Automated Testing & Test Automation: The Differences


By Achal Sharma

Automated Testing & Test Automation: The Differences

All the non-IT people may think that these two terms: Automated Testing & Test Automation, are the same thing. It’s just the words are put in a different order. But being IT people, we should be aware of the fact that these two terms have quite a shade that we may need to consider.

Firstly, what is automation? Well! It means using a specific technology to accomplish a task.

Automation in testing is, however, divided into two types as follows:

  1. The Automated Testing
  2. The Test Automation

These both terms look so similar to say, but Automated Testing is the work of executing specific tests through automation (for ex: a regression suite) in contrary to running them manually. Whereas, Test Automation means automating the steps carried out for management and tracking of various tests.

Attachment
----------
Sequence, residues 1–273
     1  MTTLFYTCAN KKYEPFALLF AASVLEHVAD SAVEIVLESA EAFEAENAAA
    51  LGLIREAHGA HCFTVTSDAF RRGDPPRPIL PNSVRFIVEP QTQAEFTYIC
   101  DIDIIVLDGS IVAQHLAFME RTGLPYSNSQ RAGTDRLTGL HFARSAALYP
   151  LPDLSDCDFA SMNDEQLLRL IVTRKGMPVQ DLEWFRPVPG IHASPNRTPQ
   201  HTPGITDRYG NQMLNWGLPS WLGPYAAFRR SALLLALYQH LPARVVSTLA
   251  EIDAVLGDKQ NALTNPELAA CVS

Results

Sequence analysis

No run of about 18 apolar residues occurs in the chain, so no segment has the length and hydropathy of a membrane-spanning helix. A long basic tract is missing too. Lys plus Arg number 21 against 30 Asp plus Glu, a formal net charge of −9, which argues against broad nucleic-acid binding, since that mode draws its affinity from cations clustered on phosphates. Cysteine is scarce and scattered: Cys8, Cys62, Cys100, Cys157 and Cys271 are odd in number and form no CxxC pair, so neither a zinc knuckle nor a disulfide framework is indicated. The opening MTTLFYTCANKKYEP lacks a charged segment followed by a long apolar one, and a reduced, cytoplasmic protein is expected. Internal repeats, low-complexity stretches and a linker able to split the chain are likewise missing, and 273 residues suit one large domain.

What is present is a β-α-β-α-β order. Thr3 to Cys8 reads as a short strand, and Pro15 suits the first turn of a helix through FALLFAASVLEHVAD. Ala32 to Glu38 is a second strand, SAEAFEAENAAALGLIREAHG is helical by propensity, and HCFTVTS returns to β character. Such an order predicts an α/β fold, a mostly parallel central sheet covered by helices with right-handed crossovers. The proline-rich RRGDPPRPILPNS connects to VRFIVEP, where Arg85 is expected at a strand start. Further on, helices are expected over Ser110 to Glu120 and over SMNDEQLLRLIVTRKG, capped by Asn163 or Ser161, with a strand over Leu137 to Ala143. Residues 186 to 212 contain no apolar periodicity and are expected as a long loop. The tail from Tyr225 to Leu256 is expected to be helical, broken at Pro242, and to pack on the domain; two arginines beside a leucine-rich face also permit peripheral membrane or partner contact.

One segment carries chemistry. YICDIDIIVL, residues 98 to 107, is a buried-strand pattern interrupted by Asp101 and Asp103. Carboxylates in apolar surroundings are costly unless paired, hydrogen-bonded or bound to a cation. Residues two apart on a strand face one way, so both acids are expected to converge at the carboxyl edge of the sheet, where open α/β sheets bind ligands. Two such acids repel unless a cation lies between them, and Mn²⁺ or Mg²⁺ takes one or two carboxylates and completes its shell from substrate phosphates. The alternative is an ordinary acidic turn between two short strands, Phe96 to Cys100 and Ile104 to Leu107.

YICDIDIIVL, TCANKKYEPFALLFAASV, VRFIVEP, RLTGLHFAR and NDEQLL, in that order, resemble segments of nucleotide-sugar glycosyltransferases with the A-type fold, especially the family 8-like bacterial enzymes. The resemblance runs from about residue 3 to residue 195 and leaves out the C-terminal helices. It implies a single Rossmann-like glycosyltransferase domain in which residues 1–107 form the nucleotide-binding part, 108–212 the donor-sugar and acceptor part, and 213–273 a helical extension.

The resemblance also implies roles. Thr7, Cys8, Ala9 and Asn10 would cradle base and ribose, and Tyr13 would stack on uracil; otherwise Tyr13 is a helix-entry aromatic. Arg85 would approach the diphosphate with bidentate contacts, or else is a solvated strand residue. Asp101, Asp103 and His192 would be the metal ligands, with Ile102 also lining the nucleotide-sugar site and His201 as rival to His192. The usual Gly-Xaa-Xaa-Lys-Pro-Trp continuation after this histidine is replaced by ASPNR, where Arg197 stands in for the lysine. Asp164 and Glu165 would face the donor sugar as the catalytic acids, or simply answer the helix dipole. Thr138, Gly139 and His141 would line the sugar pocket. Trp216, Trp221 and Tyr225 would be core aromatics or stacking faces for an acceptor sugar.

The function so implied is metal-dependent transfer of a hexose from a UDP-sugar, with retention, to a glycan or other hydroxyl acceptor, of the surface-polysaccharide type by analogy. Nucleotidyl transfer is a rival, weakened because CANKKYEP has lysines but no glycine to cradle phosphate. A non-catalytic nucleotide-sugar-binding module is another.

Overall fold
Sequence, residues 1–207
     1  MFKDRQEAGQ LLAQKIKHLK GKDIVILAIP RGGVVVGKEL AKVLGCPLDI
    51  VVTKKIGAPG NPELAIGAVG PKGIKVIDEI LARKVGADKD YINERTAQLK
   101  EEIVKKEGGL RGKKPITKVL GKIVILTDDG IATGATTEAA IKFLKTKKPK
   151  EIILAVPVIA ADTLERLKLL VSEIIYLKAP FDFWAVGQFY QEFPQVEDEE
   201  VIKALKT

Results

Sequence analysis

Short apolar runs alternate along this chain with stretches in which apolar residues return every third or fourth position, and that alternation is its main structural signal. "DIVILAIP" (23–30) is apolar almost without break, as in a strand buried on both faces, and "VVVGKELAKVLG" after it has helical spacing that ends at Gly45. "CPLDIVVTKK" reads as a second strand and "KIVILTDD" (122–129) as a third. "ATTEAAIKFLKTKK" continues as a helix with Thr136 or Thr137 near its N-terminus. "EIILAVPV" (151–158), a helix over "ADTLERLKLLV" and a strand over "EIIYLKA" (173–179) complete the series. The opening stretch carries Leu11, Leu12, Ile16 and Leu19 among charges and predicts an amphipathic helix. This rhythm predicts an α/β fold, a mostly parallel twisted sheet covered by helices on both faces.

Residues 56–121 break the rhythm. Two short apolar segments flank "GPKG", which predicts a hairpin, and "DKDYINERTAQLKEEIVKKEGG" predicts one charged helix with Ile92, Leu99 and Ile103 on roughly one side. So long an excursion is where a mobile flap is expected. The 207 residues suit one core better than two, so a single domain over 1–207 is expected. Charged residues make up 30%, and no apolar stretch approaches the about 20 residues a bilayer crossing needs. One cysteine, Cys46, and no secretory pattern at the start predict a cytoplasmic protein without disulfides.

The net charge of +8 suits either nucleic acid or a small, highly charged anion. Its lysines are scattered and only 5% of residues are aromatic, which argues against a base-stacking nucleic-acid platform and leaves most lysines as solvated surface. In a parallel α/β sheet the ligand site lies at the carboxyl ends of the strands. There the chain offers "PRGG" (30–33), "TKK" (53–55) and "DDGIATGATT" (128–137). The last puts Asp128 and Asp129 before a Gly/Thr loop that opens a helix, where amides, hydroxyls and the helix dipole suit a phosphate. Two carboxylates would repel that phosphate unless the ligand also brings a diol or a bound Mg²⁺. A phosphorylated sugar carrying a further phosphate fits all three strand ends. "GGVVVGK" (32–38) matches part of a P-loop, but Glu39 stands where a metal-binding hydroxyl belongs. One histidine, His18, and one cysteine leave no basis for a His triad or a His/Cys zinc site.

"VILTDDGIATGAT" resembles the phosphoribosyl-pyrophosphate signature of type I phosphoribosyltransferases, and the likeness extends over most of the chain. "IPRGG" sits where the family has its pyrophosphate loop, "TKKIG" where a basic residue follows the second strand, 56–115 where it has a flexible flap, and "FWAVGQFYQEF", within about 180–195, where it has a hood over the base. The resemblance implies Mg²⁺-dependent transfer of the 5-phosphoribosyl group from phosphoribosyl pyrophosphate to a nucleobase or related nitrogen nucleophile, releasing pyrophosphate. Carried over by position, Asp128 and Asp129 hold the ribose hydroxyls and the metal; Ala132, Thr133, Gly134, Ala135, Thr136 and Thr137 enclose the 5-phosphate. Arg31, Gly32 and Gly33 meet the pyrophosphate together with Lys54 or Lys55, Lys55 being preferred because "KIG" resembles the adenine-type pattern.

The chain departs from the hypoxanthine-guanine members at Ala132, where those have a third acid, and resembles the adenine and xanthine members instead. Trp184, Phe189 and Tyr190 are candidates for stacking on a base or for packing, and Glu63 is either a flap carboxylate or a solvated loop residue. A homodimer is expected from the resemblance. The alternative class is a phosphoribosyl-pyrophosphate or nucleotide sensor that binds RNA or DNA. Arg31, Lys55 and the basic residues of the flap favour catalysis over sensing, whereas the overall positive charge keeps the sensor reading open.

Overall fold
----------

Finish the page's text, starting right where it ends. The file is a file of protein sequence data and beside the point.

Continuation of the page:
The core differences between the so similar terms: The Automated Testing & Test Automation

Humans are known to be blessed with the ability to evaluate thousands of unique patterns, out of which some could be described subjectively while others may be truly complicated, ambivalent or even unstable. Hence, we can only automate a very small range of test areas like looking out for technical bugs (for ex: bugs that crash the app).

1. The difference on the base of meaning

Automated Tests are the selected set of tests that can be possibly automated, usually by the use of a specific programming language.

Here we discuss the test cases individually, be it the simple unit tests or any specific functional or even end to end test cases.